October 2, 1916|
Danvers, MA, USA
|Died||July 13, 1996(aged 79)|
|Height||5 ft 11 in (180 cm)|
|Weight||175 lb (79 kg; 12 st 7 lb)|
New York Rangers
William Carl Moe (October 2, 1916 – July 13, 1996) was a professional ice hockey defenseman who played five seasons for the New York Rangers of the National Hockey League (NHL). He also spent ten seasons in the Eastern Amateur Hockey League, the Pacific Coast Hockey League, and the American Hockey League. During his NHL career he was one of only three Americans in the league. In his only NHL playoff game he fractured two vertebrae after throwing a check. He was inducted into the United States Hockey Hall of Fame in 1974.
Moe began his career playing for the Atlantic City Sea Gulls in the Eastern Amateur Hockey League (EAHL). After playing 34 games for the Gulls he was traded to the Baltimore Orioles in January 1940, for Ed Powers. He finished the season with 6 goals and 11 points between the two clubs. Moe played one more season with the Orioles, matching his goal production and increasing his points to 12. He then moved on to play with the Philadelphia Ramblers in the American Hockey League (AHL).
Moe "excelled" in the AHL and posted 24 points in his lone season in Philadelphia. Following season's end Moe changed teams again this time joining the AHL's Hershey Bears. Moe's production dipped in his first year with Hershey, but in his second he finished with his AHL career high 31 points. In the off-season he was named to the AHL First All-Star Team, and his rights were traded to the National Hockey League's New York Rangers. Moe made his NHL debut on November 26, 1944 against the Boston Bruins. He played 35 games for the Rangers in the 1944-45 season while also playing 12 games for the Bears. When Moe entered the NHL he became one of only three Americans playing in the league, Frank Brimsek and John Mariucci were the other two.
Midway through the following season Moe was accused of delivering an illegal low hit to the Chicago Black Hawks' Bill Mosienko which resulted in a torn knee ligament. Rangers' head coach, Frank Boucher, defended Moe by saying "Bill [Moe] stopped Mosienko with a fair bodycheck and bodychecking is part of a defenseman's job." Moe finished the season with four goals and eight points, as the Rangers finished last for the fourth straight year. He continued to improve, increasing his point total over the next two season first to 14 then to 16, and the Rangers made the playoffs for the first time in six seasons during the 1947–48 season. In his NHL playoff debut, on March 24, 1948 against the Detroit Red Wings, Moe fractured two vertebrae after throwing a check at Bill Quackenbush. It was the only NHL playoff game that he played in. Prior to the start of the next season Moe was involved in an automobile accident with four of his teammates, as they were retiring from exhibition games in Quebec. He suffered two scalp wounds, requiring 24 stitches to close, and a mild concussion. Despite the injuries, Moe played in a career best 60 games registering 9 assists along with an NHL career high 60 penalty minutes. During the off-season the Rangers traded Moe, along with the rights to Lorne Ferguson and future considerations to the Bruins for Pat Egan and cash. The Bruins acquired Moe to play for the Bears who were now their farm team.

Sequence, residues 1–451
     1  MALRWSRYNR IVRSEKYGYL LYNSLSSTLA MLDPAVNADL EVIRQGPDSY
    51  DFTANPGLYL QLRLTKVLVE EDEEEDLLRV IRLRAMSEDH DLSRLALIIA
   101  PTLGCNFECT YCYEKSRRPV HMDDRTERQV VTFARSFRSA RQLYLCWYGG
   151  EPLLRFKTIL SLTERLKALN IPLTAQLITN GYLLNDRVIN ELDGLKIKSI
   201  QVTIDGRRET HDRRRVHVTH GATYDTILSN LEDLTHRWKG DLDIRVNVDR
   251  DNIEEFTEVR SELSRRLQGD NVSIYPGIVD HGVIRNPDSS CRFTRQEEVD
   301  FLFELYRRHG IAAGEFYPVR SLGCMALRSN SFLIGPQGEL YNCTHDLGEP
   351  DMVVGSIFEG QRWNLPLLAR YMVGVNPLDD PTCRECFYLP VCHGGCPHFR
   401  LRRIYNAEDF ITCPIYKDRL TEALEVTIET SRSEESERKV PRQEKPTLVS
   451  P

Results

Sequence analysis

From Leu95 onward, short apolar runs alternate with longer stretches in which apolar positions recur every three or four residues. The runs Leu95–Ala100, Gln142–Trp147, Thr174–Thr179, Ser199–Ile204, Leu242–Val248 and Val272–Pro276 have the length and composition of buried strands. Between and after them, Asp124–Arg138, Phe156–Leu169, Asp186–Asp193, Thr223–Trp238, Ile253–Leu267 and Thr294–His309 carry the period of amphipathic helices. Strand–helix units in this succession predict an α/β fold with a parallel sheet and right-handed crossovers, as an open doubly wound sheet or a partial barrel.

Moe played two more seasons with the Bears, registering a total of 5 goals and 37 points. After his two seasons in Hershey, Moe moved to the Pacific Coast Hockey League playing for the Calgary Stampeders. He played only one season in Calgary before returning to the EAHL, finishing his career with the Troy Uncle Sam Trojans. Moe retired at the end of the year and in his final professional season he recorded a career high 35 points. In 1974 Moe was inducted into the United States Hockey Hall of Fame.
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